“This delicate balance can lead to multiple influencers determining the topological details,” Aya said. “For example, in simple words summarizing the current case, the competition between chirality and confinement judges whether an in-plane and untwisted field is favored; flexoelectricity determines where domain walls should be generated; and finally, depolarization field dictates what type of polar orientational field should be generated around the domain walls.”

The physical process observed by Aya and his colleagues has several stages, in which different interactions contribute to details of the materials’ final topology. Their findings suggest that combinations of polar and liquid crystal interactions with different magnitudes could lead to a diverse range of unfamiliar polar topologies. Building on this insight, researchers could soon set out to observe new polar topologies, by designing molecules with different shapes and polar properties.

“The second key implication of our findings is that the depolarization field is a vital factor that affects the electric-field-driven dynamics in confined ferroelectric fluids,” Aya said. “This message is very important. Imagine you now have a uniform alignment of the polar orientational field to a particular direction in free space. If one applies a DC electric field antiparallel to the polarization, it is easy to expect that the polarization field will reorient to the field direction, as verified by the UC Boulder group on ferroelectric nematics in 2020.

“We found that this scenario does not hold for the confined nematics. A similar work, but with a slightly different process, was also published one year before our publication.”

Study unveils a spontaneous toroidal polar topology in the helielectric nematic state
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Another zoomed image of toridals. Credit: Yang et al.

Aya and his collaborators found that the topological structure observed by the group at UC Boulder does not apply to confined nematics, where nontrivial depolarization fields can develop via complex spatial polar orientation fields. In the phase they observed, both the space charge due to the splay deformation of the orientation field and the interracial charge created on interfaces or near orientational singularities act as the source of the depolarization fields.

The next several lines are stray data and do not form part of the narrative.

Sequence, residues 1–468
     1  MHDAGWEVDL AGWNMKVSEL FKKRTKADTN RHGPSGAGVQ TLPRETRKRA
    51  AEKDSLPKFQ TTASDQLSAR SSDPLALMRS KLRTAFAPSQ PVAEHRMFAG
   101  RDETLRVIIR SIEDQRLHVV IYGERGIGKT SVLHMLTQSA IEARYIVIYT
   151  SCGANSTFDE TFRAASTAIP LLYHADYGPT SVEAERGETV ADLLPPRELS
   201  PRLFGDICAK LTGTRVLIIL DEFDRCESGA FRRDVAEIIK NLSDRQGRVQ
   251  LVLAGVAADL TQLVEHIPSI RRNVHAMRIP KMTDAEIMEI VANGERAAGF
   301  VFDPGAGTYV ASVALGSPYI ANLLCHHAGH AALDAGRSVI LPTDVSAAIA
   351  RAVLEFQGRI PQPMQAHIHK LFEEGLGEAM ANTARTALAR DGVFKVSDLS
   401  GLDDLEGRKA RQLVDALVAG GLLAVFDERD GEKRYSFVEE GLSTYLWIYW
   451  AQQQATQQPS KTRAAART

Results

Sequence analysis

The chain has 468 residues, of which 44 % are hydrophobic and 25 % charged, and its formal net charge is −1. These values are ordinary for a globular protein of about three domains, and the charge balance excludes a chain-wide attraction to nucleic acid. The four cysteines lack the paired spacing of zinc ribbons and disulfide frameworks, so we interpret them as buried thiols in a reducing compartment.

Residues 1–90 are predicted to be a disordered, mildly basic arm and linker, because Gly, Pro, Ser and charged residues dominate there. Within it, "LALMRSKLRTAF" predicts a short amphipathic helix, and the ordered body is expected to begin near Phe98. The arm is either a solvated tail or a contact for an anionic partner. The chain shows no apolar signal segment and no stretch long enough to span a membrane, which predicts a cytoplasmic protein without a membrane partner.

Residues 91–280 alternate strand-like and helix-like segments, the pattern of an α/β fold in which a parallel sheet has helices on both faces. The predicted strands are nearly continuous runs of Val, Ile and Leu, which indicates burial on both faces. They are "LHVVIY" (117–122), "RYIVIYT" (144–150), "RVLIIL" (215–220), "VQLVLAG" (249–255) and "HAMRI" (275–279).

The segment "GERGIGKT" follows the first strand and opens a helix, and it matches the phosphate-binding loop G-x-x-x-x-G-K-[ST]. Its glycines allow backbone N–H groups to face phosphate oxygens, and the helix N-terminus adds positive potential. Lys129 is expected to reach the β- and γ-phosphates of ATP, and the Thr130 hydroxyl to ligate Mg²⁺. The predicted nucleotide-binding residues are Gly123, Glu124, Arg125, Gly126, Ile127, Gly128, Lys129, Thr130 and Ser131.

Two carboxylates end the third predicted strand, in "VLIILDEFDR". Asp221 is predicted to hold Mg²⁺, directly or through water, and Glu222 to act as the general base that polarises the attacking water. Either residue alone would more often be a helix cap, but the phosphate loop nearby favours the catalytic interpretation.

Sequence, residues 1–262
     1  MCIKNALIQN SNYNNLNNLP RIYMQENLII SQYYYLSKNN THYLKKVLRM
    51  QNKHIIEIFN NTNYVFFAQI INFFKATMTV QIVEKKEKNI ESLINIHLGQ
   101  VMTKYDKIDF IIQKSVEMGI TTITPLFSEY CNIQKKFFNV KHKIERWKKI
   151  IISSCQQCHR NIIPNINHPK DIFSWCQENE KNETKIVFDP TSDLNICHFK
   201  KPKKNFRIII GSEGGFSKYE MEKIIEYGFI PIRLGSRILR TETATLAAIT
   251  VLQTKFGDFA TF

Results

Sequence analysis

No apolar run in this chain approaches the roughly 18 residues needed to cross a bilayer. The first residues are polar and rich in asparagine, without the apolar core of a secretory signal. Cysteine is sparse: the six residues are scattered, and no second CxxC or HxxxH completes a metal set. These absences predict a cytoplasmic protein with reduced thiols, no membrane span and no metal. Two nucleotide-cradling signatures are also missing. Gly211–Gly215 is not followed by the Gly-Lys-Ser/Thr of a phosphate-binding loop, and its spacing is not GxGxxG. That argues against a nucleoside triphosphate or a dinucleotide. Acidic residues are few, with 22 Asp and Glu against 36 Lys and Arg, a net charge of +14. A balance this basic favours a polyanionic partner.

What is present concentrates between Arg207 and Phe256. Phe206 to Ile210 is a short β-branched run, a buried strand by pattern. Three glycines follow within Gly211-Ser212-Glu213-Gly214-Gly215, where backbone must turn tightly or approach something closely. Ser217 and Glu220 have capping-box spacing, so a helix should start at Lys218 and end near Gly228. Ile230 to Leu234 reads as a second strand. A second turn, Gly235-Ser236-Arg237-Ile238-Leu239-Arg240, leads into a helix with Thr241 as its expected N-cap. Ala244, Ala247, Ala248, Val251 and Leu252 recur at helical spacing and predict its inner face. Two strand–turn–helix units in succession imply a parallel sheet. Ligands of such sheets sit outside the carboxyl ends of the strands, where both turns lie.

“On one hand, one has to realize this matter when they do experiments using ferroelectric fluids, especially when they want to judge to which direction the polarization orients by using electric field (as the Boulder group did),” Aya said. “On the other hand, as a naïve perspective, I guess the nontrivial depolarization field can also be considered as a tool for generating complex polarization patterns (so topological engineering or topological switching) that would be impossible by using complex electrodes.”

This recent work by Aya and his collaborators could soon pave the way for further studies investigating the polar-interaction-driven toroidal polar topology they uncovered. In addition, it could open new opportunities for the development of switchable ferroelectric-liquid-matter optoelectronic devices.

“Of course, it isn’t easy to shed light on the mechanism working behind forming unique topologies only from the experimental side,” Aya said. “In this perspective, along with developing new molecules with different balances of interactions mentioned above, we will and have been working on developing a theoretical background for polar nematic fluids and exploring new polar topologies by adjusting the balance between polar and liquid crystal interactions. Moreover, designing polar topological networks towards topological ferroelectrics is also very challenging.”

In some of their previous studies, the researchers showed that a complex polar orientational field is an advantageous feature for the realization of systems exhibiting a nonlinear optical amplification known as phase-matching. As part of their future research, they would like to build on their findings to facilitate the potential development of these systems.

“Polarization engineering in crystal-based ferroelectrics is known to be very difficult,” Aya added. “Thus, developing previously impossible polarization engineering in polar fluids and therefore enabling the fabrication of highly efficient nonlinear optical devices will be one of our follow-up targets.”

More information:
Jidan Yang et al, Flexoelectricity-driven toroidal polar topology in liquid-matter helielectrics, Nature Physics (2024). DOI: 10.1038/s41567-024-02439-7